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Healing (Craig Monahan, 2014) wr. Craig Monahan, prod. Tait Brady, Pointblank Pictures; Don Hany, Hugo Weaving, Xavier Samuel, Anthony Hayes; prison officer tries to rehabilitate an Iranian-born prisoner, inspired by a real-life alliance between the Healesville Wildlife Sanctuary and Prisons Victoria; opens Australia 8 May 2014, dist. Pinnacle Films
The birds are the real stars.
I don't have much to add to the reviews below. I would stress the fine photography of dp Andrew Lesnie, and the necessity of David Hirschfelder's music to paste the whole thing together: it's a bit intrusive, but necessary, as the script is a bit patchy.
There's a sub-theme that none of the reviewers have mentioned. Don Hany's Iranian character is identified as a Muslim, and one of the minor characters has lines just for the purpose of representing an anti-Islamic attitude. It's as artificial as the creation of Anthony Hayes' character, who exists only to provide conflict, as Luke Buckmaster points out.
Finally: the acting. It's always risky putting too much of the burden of a show onto Dan Hany, as he's not an intelligent actor. In this case his 'broken English' is not convincing: he was born in Sydney. Hugo Weaving is an enormous asset to this film, as he is to Australian cinema generally; he's in all three of Monahan's features, by the way. Without him Monahan would have no portfolio. I don't remember noticing Xavier Samuel's work (tho there's a lot of it) sbefore this: he's good in this, subtly underplaying his (consequently intriguing) character. His friend Mark Winter is the opposite, confusingly over the top.
A group of conflicted men, prisoners and inmates discover the majesty of great birds — and through them, the cleansing power of redemption — in the deeply felt outdoor drama Healing.
The first film in a decade from director and co-writer Craig Monahan, whose 1998 psychological thriller The Interview remains an uncommonly smart genre piece, this equally intelligent and satisfying item will prove therapeutic to distribs on the hunt for quality fare.
It's refreshing to see a film that takes its own sweet time building characters and the subtle conflicts simmering among them. Led by the familiar and bankable Weaving, the cast, under Monahan's sure guidance, deftly underplays what could have been, in other hands, an awkward melodrama.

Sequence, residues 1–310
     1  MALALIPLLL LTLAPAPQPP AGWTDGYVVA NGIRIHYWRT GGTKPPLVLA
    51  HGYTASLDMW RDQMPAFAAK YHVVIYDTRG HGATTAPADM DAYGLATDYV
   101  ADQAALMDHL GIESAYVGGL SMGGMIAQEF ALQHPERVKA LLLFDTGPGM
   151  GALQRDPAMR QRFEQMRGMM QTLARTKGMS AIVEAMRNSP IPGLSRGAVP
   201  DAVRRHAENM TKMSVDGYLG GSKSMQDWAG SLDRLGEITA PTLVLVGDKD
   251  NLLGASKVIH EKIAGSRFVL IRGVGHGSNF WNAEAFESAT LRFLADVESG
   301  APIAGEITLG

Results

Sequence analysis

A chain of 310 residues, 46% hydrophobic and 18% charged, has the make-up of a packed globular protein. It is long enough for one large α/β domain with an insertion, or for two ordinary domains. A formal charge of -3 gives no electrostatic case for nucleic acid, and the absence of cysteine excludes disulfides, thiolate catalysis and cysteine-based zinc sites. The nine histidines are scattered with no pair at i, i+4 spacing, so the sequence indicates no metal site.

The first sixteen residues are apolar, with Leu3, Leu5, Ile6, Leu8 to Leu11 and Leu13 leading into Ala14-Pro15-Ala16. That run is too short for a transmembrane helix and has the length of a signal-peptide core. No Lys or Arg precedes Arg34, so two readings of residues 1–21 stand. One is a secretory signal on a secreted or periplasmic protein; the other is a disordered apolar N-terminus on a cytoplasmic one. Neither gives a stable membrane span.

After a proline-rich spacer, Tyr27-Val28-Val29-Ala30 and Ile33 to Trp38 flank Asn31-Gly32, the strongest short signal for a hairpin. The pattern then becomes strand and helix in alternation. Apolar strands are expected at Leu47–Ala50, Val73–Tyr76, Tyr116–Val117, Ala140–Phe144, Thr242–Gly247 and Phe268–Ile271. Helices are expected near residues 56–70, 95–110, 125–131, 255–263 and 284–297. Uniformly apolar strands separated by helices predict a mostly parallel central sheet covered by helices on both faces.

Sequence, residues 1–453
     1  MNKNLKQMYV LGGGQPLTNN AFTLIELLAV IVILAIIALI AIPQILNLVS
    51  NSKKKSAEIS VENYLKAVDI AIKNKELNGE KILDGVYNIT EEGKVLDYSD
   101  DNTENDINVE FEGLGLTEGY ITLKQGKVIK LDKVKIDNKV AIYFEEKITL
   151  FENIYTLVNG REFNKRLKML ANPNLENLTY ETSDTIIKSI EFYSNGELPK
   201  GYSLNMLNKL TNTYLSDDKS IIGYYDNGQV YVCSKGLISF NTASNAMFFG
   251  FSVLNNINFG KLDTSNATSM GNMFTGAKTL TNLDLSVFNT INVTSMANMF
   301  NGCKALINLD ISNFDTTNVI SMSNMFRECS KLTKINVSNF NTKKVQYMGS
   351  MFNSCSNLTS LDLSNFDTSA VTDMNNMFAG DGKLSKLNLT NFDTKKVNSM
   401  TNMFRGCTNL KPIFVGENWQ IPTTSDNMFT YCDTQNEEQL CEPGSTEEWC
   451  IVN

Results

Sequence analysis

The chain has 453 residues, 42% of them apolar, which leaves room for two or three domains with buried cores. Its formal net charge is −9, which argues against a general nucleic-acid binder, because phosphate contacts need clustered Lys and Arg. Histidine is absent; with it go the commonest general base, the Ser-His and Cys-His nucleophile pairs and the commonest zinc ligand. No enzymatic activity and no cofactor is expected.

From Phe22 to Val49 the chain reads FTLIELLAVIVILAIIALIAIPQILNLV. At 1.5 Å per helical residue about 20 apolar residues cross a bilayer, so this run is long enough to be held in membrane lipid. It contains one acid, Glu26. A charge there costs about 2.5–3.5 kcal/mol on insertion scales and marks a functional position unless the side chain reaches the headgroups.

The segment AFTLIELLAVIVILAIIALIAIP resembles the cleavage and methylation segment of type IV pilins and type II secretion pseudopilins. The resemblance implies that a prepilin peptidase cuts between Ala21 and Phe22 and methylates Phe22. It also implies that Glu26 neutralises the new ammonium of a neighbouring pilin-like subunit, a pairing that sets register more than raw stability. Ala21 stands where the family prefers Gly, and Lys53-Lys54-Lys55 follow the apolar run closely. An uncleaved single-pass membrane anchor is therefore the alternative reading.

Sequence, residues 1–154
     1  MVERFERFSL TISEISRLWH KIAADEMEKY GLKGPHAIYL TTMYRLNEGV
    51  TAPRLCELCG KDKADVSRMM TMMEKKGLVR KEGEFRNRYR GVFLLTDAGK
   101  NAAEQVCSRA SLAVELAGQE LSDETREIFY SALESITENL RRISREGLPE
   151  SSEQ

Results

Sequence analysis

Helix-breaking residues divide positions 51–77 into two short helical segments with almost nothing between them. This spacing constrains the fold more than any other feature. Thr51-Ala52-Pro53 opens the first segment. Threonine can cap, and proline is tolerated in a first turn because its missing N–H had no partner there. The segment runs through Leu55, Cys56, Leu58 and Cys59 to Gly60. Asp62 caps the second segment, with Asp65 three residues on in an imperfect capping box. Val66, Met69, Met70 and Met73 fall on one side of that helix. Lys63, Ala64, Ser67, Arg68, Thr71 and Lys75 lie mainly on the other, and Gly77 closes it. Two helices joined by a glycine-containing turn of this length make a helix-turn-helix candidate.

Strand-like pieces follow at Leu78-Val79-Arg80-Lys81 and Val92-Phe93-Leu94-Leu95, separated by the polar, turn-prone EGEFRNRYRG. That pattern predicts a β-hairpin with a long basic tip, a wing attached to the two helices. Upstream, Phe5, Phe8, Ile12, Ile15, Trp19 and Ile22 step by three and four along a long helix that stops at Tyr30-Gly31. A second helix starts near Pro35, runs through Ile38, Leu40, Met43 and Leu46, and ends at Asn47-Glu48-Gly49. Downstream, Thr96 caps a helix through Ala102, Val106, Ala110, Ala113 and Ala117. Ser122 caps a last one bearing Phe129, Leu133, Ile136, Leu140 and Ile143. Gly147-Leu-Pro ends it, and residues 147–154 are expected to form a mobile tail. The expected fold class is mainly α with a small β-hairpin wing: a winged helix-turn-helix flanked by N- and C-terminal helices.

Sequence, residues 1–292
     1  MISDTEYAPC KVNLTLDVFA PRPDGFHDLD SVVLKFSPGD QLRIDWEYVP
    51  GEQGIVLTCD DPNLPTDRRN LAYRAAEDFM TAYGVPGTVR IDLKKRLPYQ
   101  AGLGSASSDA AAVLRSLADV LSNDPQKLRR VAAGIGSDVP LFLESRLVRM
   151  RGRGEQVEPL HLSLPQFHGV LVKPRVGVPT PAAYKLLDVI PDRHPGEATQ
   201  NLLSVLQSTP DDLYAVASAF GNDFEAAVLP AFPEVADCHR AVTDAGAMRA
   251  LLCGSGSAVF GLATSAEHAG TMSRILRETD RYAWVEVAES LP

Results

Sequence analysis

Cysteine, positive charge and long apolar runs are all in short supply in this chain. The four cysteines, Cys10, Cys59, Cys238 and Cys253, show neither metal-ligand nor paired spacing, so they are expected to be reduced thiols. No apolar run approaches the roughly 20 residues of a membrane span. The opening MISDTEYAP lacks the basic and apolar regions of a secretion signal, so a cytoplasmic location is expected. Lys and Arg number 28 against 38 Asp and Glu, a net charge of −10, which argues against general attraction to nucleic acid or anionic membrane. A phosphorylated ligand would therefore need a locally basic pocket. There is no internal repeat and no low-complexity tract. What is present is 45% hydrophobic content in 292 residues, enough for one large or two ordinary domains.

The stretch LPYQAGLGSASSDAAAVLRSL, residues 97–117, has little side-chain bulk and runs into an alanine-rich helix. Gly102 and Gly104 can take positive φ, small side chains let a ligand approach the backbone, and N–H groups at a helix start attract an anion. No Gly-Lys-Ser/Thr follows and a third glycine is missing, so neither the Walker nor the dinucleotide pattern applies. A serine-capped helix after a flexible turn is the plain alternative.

Ace d.p. Andrew Lesnie's immaculate widescreen photography is the next best thing to being in the bush at the magic hour, while longtime Monahan associate Suresh Ayyar's intuitive editing reinforces the slowed-down pace of country life. Eddie Cockrell, Variety.
... the heartfelt tale is told with plenty of soaring nature shots in and above Victoria's photogenic Macedon Ranges. ... There's a splendid symphonic score by David Hirschfelder (Australia, Children Of The Silk Road) featuring Persian/Asian elements. Frank Hatherley, Screen Daily.
At its most simplistic, Healing feels like a glossy postcard drama, its pointy bits smoothed over by an unashamed sense of spirit and optimism. It is also a tender, thoughtful and inspiring film from an under-appreciated director. Luke Buckmaster, The Guardian.
The ensemble cast has a close rapport. As the tight little team of prison workers, Weaving, Tony Martin, Robert Taylor and Justine Clarke display the easy familiarity of people who have been colleagues for long enough to respect one another's idiosyncrasies. And as the ranger from the bird sanctuary, Jane Menelaus behaves as if born to the job. Sandra Hall, SMH.
A simmering menace permeates the script but the threatened violence never eventuates. Instead, the focus is on uplift, with David Hirschfelder (Australia) providing a spirited symphonic score and Oscar-winning Australian cinematographer Andrew Lesnie (The Lord of the Rings trilogy) beautifully tracking the flight paths of the magnificent birds of prey. Megan Lehmann, Hollywood Reporter.
Garry Gillard | New: 12 February, 2014 | Now: 9 April, 2020